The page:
Tuesday, 3 May 2016

Streamlined approach and treatments improves the quality of care for men with prostate cancer

The quality of prostate cancer care is improving according to new SPHPM-driven research published in The Medical Journal of Australia.

The five-year collaborative study between Monash University and 33 health institutions across Victoria, capturing 75 per cent of men diagnosed with prostate cancer in Victoria, found that processes of care were markedly improved, suggesting that the feedback from quality indicators was clinically valuable.

“We know that quality indicators are valuable tools to enable benchmarking performance of hospitals and clinicians. Where there is confidence in the quality of the data, providing these indicators back to health services and doctors has been shown to drive quality improvement.

“It’s terrific to see through quality indicators that the outcomes for men with prostate cancer are good and becoming even better,” said Associate Professor Sue Evans, Head of the Clinical Registry Unit at SPHPM, which houses the Movember-funded Australian Prostate Cancer Clinical Registry.

Prostate cancer continues to be the most commonly diagnosed cancer among Australian males. More than 18,000 Australian men are diagnosed with prostate cancer each year.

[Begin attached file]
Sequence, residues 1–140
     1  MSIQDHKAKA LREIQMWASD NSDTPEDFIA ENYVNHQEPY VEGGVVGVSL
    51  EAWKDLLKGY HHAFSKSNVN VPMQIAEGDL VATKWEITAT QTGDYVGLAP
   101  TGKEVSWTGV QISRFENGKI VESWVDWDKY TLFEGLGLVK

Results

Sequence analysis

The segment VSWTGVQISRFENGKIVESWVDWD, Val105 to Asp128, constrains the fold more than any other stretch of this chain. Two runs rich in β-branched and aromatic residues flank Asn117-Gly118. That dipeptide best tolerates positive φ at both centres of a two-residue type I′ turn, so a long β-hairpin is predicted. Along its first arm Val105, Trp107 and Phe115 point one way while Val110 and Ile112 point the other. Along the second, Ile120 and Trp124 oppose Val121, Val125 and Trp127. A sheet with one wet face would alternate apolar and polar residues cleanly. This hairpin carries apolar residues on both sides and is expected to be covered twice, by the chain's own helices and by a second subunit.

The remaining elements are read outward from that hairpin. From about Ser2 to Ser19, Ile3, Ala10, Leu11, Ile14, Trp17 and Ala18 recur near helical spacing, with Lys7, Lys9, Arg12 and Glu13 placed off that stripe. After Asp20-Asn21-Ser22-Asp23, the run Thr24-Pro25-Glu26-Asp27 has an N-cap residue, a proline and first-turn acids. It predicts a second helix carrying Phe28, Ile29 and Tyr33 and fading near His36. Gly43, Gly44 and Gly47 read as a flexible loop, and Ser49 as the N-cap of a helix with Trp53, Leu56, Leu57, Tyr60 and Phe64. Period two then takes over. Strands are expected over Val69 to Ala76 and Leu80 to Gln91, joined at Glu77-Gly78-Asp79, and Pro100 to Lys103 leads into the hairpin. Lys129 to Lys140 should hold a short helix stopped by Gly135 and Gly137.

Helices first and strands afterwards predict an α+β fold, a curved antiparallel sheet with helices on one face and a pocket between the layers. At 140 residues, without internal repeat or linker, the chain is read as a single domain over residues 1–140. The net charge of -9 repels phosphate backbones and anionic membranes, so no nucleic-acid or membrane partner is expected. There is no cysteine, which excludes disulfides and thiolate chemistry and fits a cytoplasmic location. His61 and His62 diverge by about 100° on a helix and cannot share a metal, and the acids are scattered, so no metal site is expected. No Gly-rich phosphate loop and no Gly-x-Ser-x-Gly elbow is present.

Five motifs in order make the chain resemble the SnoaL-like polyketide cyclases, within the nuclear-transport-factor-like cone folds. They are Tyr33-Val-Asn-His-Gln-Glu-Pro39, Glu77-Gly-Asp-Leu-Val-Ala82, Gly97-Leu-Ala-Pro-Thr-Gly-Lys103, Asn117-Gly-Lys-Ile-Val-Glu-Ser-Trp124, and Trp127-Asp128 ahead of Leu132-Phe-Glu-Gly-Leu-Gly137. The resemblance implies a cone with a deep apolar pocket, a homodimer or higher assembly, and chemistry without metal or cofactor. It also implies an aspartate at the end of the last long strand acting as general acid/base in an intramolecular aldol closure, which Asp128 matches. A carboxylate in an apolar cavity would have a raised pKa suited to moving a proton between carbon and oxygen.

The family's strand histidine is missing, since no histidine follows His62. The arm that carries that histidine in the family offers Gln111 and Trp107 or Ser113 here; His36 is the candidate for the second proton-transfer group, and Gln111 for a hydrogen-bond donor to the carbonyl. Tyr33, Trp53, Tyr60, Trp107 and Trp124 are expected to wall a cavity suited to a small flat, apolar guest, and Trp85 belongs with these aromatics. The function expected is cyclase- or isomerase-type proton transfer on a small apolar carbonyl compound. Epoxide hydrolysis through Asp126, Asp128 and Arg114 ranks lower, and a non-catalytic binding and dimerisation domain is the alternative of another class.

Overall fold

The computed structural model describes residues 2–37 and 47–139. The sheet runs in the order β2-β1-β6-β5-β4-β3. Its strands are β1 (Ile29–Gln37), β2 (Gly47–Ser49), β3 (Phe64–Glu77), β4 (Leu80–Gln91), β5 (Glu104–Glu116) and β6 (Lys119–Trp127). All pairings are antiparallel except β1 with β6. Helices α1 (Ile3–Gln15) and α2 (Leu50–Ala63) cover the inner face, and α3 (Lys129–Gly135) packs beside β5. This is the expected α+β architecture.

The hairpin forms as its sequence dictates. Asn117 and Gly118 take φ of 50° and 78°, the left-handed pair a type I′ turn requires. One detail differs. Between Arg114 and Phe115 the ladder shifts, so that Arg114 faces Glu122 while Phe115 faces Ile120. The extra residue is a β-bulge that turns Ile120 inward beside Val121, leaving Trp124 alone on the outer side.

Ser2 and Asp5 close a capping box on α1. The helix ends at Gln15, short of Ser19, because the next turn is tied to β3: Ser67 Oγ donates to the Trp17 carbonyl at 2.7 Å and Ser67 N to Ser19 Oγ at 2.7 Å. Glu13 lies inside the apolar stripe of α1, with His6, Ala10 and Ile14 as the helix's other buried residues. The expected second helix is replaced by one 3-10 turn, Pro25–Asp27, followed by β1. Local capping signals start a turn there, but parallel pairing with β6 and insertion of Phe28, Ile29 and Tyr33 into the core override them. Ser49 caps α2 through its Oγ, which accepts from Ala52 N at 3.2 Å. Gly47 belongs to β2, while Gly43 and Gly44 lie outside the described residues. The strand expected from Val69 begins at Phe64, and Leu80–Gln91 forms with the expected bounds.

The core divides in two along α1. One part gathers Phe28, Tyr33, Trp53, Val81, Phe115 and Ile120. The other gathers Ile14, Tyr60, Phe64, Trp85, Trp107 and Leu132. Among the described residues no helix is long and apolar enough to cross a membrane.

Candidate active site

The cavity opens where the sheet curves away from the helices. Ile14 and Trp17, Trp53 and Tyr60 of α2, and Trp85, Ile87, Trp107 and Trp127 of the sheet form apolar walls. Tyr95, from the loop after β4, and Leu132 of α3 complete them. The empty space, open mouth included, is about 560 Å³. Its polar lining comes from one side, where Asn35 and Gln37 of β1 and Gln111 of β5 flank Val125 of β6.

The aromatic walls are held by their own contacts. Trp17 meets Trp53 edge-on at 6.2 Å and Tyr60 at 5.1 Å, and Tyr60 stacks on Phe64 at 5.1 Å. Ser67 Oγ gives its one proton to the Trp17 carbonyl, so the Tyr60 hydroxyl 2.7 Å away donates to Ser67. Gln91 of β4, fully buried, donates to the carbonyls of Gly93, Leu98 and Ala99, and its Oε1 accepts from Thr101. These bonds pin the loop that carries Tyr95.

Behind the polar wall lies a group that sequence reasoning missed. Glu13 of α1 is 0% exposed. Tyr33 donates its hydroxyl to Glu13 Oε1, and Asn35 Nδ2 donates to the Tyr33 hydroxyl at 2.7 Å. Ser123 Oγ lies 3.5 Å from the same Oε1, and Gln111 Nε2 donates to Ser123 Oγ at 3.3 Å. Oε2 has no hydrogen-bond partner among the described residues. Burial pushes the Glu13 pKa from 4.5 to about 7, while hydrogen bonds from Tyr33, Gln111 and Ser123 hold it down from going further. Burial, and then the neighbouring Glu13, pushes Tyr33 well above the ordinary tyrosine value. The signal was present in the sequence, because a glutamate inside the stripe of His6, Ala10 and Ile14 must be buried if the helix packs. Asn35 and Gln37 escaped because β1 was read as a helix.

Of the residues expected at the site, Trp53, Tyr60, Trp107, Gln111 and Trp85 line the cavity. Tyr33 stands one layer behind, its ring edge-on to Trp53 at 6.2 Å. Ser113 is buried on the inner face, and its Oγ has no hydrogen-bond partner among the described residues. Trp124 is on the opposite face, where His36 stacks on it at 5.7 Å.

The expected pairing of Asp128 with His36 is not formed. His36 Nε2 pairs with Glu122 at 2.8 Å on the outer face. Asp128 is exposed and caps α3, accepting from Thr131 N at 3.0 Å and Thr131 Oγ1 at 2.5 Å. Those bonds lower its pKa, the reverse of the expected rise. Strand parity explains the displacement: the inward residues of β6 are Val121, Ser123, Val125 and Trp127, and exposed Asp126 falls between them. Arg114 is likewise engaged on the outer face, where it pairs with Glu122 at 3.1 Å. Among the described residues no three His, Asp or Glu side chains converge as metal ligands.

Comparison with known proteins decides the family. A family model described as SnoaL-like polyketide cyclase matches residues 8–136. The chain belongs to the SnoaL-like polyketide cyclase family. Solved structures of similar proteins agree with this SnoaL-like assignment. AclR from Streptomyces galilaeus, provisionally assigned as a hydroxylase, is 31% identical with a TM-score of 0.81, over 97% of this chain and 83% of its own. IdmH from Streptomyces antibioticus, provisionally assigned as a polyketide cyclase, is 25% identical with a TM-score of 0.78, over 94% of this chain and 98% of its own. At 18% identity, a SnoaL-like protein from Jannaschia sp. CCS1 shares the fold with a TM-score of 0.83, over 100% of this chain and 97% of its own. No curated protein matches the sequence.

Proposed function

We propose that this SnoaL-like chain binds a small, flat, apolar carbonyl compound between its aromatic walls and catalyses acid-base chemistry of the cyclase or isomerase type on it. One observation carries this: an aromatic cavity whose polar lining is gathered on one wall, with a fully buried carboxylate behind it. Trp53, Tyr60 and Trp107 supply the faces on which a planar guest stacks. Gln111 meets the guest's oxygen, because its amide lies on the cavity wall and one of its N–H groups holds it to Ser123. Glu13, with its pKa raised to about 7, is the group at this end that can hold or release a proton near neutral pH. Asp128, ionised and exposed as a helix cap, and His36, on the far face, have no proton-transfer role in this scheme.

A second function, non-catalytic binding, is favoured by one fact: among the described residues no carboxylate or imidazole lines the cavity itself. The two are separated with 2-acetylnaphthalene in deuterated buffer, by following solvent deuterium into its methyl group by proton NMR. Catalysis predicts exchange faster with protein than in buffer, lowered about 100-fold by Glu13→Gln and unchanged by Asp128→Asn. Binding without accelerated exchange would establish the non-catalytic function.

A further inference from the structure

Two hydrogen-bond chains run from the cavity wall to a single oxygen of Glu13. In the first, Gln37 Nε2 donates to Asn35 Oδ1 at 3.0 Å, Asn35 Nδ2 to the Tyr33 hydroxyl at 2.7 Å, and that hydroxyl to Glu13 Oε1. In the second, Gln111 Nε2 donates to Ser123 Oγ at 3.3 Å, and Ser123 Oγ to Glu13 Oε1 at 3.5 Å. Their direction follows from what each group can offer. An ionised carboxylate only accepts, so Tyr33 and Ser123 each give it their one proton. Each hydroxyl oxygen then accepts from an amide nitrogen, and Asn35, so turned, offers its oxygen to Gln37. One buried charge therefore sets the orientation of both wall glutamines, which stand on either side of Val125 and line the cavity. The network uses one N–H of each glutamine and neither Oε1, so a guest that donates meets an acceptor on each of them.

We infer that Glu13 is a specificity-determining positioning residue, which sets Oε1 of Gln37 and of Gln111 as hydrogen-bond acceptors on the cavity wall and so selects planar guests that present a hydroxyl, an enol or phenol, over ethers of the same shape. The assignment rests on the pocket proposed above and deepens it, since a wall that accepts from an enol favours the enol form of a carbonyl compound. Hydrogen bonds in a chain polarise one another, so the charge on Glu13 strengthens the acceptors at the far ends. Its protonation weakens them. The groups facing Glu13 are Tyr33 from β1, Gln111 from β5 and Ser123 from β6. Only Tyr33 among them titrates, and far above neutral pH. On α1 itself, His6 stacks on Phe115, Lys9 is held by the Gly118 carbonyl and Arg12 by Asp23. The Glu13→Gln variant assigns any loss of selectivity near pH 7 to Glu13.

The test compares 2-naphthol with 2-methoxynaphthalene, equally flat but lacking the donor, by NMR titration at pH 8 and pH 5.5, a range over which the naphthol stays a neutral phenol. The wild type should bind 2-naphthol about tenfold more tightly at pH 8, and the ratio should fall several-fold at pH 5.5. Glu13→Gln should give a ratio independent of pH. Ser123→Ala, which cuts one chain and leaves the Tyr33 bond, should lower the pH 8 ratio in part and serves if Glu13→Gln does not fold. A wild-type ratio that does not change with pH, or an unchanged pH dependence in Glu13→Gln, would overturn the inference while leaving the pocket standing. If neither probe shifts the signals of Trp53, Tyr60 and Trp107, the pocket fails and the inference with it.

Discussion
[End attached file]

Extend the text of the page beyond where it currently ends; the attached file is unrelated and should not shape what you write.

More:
For men living with prostate cancer, there are a variety of treatment options now available which vary according to the stage of disease at diagnosis, but can include: active surveillance; hormone therapy; surgery; radiotherapy; or a combination of therapies.

“The Prostate Cancer Research International Active Surveillance (PRIAS) protocol guideline suggests men with low risk disease should be under active surveillance rather than receive immediate invasive treatment. Our Victorian research found the proportion of men with low risk disease who underwent active treatment declined over the five year period,” said Associate Professor Evans.

The mean percentage of PRIAS non-compliance had increased non-significantly from 45 per cent in 2009 to 55 per cent in 2010 and 50 per cent in 2011, but a downward trend was evident in 2012 (40 per cent) and 2013 (34 per cent); this achieved statistical significance in 2013 (P = 0.024).

The study also found that men diagnosed with high risk or locally advanced prostate cancer received treatment at a quicker rate across the duration of the study.

“A total of 88 per cent of men in these risk groups received immediate active treatment in 2009, rising to 89 per cent in 2010, 91 per cent in 2011 and 2012, and 93 percent in 2013,” said Associate Professor Evans.


The third quality indicator related to the percentage of positive surgical margins (PSM) following radical prostatectomy in men with organ-confined (pT2) disease. A PSM has been associated with an increased likelihood that men will require additional radiotherapy.  The percentage of PSM in 2009 was 24%, rising slightly (by 3.4 percentage points) in 2010. A significant decline was first measured in 2011 (7 percentage point reduction in pT2 prostatectomy PSM; P = 0.031), with further significant improvements measured in 2012 and 2013, when the PSM remained steady at 12% (p=0.036). 

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